|Christine Churchill, owner of the Country Inn Bed & Breakfast in Fort Bragg, with her pet rooster Thumper|
While Thumper will never appear on a breakfast plate, his sisters’ eggs are a regular feature. Churchill began raising chickens behind the inn about a year ago. She started with just a few and then as she says, “It snowballed.”
|Fresh eggs from the inn's brood of hens|
But by the time Churchill discovered he was a rooster, she was already too attached. His 4:00 a.m. crow would be an unwelcome wake-up call for her guests, so she used her background in music and a sprinkle of ingenuity to build a soundproof roost for her beloved pet. Now each evening, Churchill carries Thumper inside, they watch a little T.V. together, and then he settles into his soundproof box where he can crow his head off without waking anybody up.
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|Country Inn Bed & Breakfast from North Main Street|
|Adirondack chairs on the front porch of the inn|
When I last visited Fort Bragg a decade ago, the mill’s whirring saw blades and piercing whistles had already been silent for three years. For this blue-collar town of 7,000 with deep roots in the lumber industry, the closure of the mill was devastating. A number of storefronts lining downtown were shuttered. The 400-plus-acre oceanfront lumber mill site sat in ghostly ruins: a bleak landscape of rusting rail cars and abandoned buildings with broken windows and peeling paint. The beautiful coastal bluffs lining the former mill site stood far out of reach, fenced-off from the public.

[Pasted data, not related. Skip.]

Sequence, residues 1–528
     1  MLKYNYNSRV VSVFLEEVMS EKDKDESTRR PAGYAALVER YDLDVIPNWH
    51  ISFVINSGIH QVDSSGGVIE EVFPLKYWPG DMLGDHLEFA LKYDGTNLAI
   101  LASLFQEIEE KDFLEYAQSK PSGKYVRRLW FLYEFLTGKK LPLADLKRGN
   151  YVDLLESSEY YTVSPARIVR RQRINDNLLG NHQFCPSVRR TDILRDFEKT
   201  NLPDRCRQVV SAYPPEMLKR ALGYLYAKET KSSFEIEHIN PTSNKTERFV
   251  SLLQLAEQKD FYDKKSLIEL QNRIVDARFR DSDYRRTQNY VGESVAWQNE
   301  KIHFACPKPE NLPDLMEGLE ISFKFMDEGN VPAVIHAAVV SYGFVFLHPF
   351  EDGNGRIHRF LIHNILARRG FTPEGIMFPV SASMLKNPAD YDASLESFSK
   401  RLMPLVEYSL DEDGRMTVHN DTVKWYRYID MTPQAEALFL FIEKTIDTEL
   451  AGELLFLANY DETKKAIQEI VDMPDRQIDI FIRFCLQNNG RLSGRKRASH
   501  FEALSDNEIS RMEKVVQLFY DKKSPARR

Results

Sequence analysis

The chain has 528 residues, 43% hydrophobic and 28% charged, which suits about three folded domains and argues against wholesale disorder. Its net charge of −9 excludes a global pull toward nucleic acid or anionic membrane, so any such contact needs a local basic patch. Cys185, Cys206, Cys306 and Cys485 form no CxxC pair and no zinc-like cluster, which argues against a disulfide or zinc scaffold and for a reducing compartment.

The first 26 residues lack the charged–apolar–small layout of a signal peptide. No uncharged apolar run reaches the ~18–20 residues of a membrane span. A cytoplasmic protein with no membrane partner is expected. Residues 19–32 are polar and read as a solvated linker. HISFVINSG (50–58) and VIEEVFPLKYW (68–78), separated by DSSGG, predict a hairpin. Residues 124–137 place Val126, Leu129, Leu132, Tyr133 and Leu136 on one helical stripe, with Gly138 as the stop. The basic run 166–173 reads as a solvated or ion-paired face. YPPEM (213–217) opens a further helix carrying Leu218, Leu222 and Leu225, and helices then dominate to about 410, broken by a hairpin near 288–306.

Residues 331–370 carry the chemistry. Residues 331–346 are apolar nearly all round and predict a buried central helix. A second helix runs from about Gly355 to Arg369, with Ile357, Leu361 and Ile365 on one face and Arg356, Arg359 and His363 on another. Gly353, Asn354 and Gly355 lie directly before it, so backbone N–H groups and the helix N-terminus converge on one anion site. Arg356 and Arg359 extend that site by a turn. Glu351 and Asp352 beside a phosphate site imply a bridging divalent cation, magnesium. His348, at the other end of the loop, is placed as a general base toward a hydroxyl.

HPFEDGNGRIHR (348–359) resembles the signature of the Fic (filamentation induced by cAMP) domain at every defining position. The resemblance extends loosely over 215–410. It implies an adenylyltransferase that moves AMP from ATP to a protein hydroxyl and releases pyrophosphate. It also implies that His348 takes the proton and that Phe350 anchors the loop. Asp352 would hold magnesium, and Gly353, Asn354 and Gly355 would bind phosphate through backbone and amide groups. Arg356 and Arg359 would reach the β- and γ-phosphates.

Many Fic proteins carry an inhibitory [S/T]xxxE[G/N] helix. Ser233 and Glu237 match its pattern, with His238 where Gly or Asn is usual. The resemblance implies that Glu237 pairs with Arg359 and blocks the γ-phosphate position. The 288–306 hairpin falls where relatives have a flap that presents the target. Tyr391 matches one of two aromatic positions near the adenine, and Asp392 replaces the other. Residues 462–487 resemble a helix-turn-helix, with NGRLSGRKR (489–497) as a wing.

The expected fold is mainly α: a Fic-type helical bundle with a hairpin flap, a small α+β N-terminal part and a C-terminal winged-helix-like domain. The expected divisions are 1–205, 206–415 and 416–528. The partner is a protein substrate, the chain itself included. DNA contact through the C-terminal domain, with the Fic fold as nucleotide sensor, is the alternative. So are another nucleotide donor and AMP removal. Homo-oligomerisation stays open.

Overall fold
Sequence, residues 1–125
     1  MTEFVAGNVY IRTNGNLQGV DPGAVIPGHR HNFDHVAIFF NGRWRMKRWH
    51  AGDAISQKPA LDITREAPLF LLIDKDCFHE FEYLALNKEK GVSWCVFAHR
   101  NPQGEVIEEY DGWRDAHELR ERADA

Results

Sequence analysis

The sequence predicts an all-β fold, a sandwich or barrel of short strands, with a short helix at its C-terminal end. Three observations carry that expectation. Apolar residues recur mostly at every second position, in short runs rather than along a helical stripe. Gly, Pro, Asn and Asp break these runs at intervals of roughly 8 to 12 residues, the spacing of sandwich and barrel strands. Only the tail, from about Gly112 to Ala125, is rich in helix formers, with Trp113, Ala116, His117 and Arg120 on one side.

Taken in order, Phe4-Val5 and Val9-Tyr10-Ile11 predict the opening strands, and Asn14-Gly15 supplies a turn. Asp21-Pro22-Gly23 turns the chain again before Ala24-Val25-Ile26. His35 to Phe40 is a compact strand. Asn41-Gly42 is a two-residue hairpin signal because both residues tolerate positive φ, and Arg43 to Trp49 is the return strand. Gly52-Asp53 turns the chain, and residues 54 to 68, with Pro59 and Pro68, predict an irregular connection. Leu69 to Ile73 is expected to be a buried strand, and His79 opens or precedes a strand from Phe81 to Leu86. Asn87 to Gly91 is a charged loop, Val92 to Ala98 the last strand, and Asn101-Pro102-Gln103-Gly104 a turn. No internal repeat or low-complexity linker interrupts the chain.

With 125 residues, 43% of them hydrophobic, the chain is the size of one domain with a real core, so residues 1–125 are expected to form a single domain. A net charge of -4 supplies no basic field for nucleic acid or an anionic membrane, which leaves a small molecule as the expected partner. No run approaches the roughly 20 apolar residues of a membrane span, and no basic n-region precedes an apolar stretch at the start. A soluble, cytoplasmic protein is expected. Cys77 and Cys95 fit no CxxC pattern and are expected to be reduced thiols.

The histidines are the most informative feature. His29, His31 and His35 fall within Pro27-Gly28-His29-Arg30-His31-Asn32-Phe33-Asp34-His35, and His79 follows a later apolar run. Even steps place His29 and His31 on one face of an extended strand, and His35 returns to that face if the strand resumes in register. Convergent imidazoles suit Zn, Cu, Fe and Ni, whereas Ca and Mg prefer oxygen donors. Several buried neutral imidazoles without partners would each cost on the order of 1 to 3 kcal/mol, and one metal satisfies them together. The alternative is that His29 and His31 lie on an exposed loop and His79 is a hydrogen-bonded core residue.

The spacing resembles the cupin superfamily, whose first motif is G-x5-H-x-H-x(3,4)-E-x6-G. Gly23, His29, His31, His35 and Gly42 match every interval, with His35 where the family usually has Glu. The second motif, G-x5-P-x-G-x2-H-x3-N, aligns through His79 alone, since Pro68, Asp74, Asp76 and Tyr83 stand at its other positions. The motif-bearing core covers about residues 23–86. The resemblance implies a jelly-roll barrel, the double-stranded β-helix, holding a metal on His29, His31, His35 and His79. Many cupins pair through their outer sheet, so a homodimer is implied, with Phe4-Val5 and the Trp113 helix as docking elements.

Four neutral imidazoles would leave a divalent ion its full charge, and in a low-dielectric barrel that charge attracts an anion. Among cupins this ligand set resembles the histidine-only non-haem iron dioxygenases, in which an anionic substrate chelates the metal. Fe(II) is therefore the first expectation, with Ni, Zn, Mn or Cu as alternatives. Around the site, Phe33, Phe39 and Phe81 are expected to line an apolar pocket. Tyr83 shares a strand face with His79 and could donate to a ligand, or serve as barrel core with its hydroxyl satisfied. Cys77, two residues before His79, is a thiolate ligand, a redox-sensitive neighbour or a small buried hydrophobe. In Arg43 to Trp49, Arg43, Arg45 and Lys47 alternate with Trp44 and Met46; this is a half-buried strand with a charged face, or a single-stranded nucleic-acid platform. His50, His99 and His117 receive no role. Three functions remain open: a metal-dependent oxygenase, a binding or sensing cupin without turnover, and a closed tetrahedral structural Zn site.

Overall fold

But when I visited again on a bright sunny day in June, change seemed to brewing. I noticed new shops, galleries, and restaurants had sprung up in downtown. A First Friday Art Walk showcases the work of local artists. The North Coast Brewing Company Tap Room now hosts touring jazz musicians on Friday and Saturday nights for its “Jazz at the Sequoia Room” series. Young new owners of an old local watering hole and landmark, the Golden West Saloon, had recently restored and reopened the bar, where they serve great cocktails with an authentic, old logging-town vibe.
Hilary White grew up in Fort Bragg and moved away for college, but was drawn back by the beauty of her hometown. She bought a women’s lingerie boutique, Understuff, two years ago and has slowly transformed the shop into a destination. She’s introduced new lines and new innovations in women’s lingerie and caters to a generation of women who never had a bra fitting. She has out-of-town clients who make the trek to Fort Bragg annually just to buy their bras. Describing the young merchants who are cultivating some of the changes around town, she said “We’re moving back and making it into the town where we want to live.”
|The view from Fort Bragg's newly-opened Coastal Trail|
|Pudding Creek Trestle at MacKerricher State Park|
A southern segment of the Coastal Trail, which begins at Noyo Point Road at the mouth of the harbor and extends to the south side of Soldier Bay, is due to be completed later this year. Completion of a central portion connecting the two trails is pending remediation of hazardous substances on the old mill site, but is expected to be finished in 2017 or 2018.